Credit: Sea Shepherd Conservation Society.
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Vigilante on the high seas?
Although this is promising for the future, Watson argues that these efforts don't help whales in the here and now. "Convincing the Japanese people could take decades - and the whales don't have that kind of time. The oceans are dying. Everything in the oceans is dying. If we can't save something like the whales, how are we going to save anything else? If the oceans die, then we die. It's as simple as that."
Watson's approach appears to be a popular one. There's no shortage of people willing to sign on. The Steve Irwin takes about 40 people per trip, and Watson says there's never any trouble getting people willing to work in the galley, bridge, engine-room or deck.
"Our most difficult thing right now is saying "no" to so many people who want to go… we're trying to give as many people as possible the opportunity but it's becoming more and more difficult. There simply isn't enough room!"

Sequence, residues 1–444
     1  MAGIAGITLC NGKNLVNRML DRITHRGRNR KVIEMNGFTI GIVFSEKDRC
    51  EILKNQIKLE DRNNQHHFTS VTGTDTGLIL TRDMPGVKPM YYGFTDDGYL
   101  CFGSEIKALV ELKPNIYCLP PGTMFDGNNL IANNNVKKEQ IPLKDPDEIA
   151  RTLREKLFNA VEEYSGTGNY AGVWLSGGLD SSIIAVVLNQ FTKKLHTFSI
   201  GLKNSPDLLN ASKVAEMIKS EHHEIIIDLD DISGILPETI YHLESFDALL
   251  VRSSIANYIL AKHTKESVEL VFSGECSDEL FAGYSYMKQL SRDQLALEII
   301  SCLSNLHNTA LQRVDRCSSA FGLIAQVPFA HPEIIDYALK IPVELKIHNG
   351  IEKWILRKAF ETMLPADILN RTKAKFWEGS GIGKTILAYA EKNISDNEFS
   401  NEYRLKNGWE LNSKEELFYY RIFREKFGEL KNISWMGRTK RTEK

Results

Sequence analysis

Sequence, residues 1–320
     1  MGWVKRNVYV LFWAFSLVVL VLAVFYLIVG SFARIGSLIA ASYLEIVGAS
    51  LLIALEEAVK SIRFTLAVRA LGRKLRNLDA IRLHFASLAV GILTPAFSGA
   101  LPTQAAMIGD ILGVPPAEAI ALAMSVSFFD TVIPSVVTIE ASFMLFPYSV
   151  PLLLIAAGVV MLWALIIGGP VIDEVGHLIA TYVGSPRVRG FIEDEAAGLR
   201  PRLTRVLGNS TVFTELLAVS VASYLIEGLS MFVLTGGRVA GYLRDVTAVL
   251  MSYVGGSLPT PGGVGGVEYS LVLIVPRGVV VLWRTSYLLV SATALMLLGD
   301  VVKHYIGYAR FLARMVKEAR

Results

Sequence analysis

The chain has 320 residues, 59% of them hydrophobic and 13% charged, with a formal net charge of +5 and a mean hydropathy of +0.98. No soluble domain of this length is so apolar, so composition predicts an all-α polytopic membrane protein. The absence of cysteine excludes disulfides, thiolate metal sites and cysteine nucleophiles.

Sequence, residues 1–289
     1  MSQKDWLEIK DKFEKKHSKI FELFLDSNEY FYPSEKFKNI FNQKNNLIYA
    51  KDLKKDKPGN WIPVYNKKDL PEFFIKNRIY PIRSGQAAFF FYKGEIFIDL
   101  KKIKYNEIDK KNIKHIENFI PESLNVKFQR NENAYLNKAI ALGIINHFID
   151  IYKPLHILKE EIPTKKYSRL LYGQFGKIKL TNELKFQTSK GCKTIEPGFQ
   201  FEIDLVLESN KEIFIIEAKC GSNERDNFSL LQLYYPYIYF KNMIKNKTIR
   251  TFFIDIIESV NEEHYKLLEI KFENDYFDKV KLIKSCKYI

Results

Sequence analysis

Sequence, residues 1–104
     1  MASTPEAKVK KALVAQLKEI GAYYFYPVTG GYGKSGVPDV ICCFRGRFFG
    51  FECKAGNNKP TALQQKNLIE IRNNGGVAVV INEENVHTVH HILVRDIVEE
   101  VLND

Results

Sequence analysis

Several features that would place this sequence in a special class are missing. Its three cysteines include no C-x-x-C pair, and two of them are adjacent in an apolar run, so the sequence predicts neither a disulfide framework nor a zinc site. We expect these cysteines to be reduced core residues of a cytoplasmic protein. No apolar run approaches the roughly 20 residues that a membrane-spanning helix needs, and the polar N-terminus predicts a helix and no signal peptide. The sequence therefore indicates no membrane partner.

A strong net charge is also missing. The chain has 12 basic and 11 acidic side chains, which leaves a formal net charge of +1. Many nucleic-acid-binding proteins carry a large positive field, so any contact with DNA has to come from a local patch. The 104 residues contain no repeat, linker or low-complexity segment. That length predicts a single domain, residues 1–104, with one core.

It's not all fun and games, however. Watson admits he has been shot at many times, with a bulletproof vest protecting him from a lethal shot earlier this year. Sea Shepherd operations have also been in conflict with the Soviet and Norwegian navies, and depth charges have been dropped beneath their ship.
Watson isn't surprised by it all. "We're going up against butchers. They're all criminals, so we're used to people being aggressive and violent. You just have to take the proper precautions."
But nor is he too worried. In over three decades of operations, he claims that no one has been seriously injured on any of the Sea Shepherd boats. He sees it as an acceptable risk, for a worthy cause. "In our society people take risks to go fishing, and they take risks to go fight in wars. I think it's a far more noble cause to take these risks to protect an endangered species or habitat."